Pulp, Mike Hodges (1972, UK). It’s a Michael Caine film but it nonetheless sounded like it might be worth watching – which is not entirely fair, of course, as Caine has made some good films during his long career, like Get Carter. And director Mike Hodges too has made some good movies during his careers, such as, er, Get Carter. And, um, Flash Gordon. Whatever. It’s a team that has produced good stuff in the past. So it’s a crying shame Pulp is so bad. It has its moments, and it’s by no mean badly made, but… Any film that relies on voiceover needs to seriously think about the story it is telling. In part, the voiceover is baked into this story, as the lead character, played by Caine, is a successful pulp writer and he frames the events of the film, in which he is an unwitting protagonist, as a pulp narrative starring himself. He is in Malta to ghostwrite the autobiography of a mysterious celebrity. This involves taking a coach tour to some ruins, where he is contacted by a representative of the celebrity… and also meets a would-be assassin who is later mysteriously murdered. The celebrity proves to be Mickey Rooney, an actor famous for playing gangsters and with Mob friends and connections. At his birthday party, Rooney is killed, but everyone else thinks it’s one of his practical jokes. Some of Rooney’s Maltese associates, it transpires, did something very bad years before on a hunting trip, and they were afraid Rooney would reveal all in his autobiography. I wanted to like Pulp so much more than I did. The setting – Malta – looks very nice. The plot is pure noir – and just in case you didn’t realise, Caine describes what’s going on in pulp-style throughout – and the central mystery is satisfying. But it all felt like a comedy that had no jokes: sort of tonally wrong, neither actual noir nor a murder-mystery. Missable.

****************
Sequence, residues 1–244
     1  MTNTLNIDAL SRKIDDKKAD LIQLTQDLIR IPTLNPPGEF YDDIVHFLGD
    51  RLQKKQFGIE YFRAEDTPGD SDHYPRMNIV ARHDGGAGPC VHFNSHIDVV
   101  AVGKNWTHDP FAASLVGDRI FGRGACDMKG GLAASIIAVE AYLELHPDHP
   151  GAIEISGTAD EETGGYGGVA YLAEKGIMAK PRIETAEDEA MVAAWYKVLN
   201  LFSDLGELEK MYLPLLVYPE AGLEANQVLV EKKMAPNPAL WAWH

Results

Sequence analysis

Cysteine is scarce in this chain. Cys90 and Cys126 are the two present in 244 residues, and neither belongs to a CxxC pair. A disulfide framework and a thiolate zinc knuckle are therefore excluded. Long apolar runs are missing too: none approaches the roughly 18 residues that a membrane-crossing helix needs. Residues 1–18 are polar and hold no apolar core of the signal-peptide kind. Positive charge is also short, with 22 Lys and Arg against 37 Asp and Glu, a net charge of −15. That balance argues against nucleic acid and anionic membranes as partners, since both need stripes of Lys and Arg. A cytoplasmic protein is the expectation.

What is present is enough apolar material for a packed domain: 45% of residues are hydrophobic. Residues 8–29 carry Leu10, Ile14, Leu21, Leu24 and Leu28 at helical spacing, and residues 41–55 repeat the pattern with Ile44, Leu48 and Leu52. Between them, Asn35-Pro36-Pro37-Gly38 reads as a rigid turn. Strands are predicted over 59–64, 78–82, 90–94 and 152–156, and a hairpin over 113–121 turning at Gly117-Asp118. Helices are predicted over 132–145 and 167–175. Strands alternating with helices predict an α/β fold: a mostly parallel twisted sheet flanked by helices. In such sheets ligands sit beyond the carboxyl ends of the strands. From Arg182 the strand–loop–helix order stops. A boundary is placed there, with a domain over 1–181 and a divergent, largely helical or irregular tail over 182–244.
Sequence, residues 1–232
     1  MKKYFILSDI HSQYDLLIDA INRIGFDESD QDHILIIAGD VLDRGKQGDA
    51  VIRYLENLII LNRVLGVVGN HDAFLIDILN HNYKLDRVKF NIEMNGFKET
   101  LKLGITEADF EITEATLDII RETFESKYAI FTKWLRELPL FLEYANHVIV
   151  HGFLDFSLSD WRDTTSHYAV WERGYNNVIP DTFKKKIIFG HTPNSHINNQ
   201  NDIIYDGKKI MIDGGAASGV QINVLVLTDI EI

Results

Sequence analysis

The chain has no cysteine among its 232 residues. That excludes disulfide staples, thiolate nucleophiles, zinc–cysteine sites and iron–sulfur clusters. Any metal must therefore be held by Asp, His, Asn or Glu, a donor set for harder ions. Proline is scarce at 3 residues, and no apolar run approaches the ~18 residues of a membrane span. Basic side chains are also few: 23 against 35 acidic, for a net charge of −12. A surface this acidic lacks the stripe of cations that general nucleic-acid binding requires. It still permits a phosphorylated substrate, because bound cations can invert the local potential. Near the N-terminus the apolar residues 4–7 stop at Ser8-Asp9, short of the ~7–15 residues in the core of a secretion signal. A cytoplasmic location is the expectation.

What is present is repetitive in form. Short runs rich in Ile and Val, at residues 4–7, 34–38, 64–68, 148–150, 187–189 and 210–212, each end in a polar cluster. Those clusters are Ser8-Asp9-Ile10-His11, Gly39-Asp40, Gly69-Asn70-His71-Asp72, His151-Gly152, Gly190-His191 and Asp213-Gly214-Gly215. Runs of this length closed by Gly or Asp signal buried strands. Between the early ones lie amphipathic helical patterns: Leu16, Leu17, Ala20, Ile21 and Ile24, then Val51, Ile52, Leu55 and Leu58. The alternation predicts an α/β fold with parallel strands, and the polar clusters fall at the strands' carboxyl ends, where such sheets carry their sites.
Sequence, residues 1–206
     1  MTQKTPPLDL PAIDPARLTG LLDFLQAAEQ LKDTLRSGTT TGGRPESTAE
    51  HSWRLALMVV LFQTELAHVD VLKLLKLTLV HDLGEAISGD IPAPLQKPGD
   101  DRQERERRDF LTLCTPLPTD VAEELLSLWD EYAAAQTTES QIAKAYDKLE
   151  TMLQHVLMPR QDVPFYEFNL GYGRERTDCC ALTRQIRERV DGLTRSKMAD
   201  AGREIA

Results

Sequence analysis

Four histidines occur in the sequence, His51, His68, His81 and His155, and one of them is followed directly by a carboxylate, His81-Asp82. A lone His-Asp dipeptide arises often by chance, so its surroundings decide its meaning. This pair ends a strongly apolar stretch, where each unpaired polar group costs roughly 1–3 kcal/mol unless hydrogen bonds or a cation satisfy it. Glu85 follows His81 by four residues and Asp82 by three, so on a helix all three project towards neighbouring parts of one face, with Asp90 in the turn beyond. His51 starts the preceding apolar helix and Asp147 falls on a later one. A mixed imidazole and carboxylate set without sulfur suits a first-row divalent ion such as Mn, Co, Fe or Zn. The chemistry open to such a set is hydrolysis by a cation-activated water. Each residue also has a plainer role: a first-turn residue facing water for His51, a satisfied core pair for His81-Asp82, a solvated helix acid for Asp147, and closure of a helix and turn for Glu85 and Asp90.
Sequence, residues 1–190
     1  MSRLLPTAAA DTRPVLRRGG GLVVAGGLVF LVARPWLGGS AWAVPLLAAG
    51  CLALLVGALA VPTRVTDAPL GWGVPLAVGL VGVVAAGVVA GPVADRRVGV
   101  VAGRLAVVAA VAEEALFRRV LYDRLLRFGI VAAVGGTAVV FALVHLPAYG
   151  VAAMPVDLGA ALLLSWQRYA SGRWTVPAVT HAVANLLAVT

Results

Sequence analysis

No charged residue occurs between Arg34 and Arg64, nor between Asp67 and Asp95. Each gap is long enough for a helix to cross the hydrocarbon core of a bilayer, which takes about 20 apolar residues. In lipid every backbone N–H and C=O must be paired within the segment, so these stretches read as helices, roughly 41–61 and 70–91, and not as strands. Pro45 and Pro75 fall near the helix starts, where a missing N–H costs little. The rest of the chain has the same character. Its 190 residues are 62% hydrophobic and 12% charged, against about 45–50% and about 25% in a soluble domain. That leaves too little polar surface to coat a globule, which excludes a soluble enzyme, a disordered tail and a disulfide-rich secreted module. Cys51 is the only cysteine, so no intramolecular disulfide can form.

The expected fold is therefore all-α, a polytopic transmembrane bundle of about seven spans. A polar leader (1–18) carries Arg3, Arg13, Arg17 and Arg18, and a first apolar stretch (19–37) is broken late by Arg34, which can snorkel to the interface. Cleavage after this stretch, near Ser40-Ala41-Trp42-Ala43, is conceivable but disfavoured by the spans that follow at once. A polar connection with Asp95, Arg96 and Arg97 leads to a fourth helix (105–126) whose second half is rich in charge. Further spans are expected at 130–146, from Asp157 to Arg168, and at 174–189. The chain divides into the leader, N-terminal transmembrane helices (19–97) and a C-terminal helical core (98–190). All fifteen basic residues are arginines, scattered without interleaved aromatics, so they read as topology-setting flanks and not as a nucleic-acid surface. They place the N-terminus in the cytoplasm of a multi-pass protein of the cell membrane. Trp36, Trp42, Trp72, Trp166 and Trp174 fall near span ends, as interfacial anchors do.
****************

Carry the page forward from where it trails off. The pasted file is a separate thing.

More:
Amuck!, Silvio Amadio (1972, Italy). I do love me some giallo, although I prefer the thriller giallo to the horror giallo – and I admit it’s a bit of a grey area with giallo as to which is which. The titles don’t help. Nor, in fact, do the names of directors. I’ve been using as my yardstick, and it’s probably not a good one, the presence of Barbara Bouchet in the cast. She made a lot of Italian films, many of which were giallo, and many of which are actually not bad. True, she’s not in Footprints on the Moon, which I have an inexplicable love for, but she’s in Milano Calibro 9, The Red Queen Kills Seven Times, Don’t Torture a Duckling, The Black Belly of the Tarantula and… Amuck! The original title of this film, Alla ricerca del piacere, translates as “In pursuit of pleasure”, and it was also released as Hot Bed of Sex, Maniac Mansion and Leather and Whips. Although, since giallo has a habit of being inappropriately titled in the US market, they should not be taken as indications of the story. Nor indeed should Amuck!. Bouchet plays the new secretary to louche novelist Farley Granger. His last secretary disappeared under mysterious circumstances, and Bouchet is there undercover to find out what happened to her (they were lovers). It turns out the previous secretary had died during a bout of sex with Granger, his wife, and their brutish manservant. And now that Bouchet knows, they have to get rid of her… The plot summary probably tells you all you need to know about this film. I must admit I quite like that these gialli are slowly being made available in the UK – on several labels – as they’re always entertaining. Call it a guilty pleasure.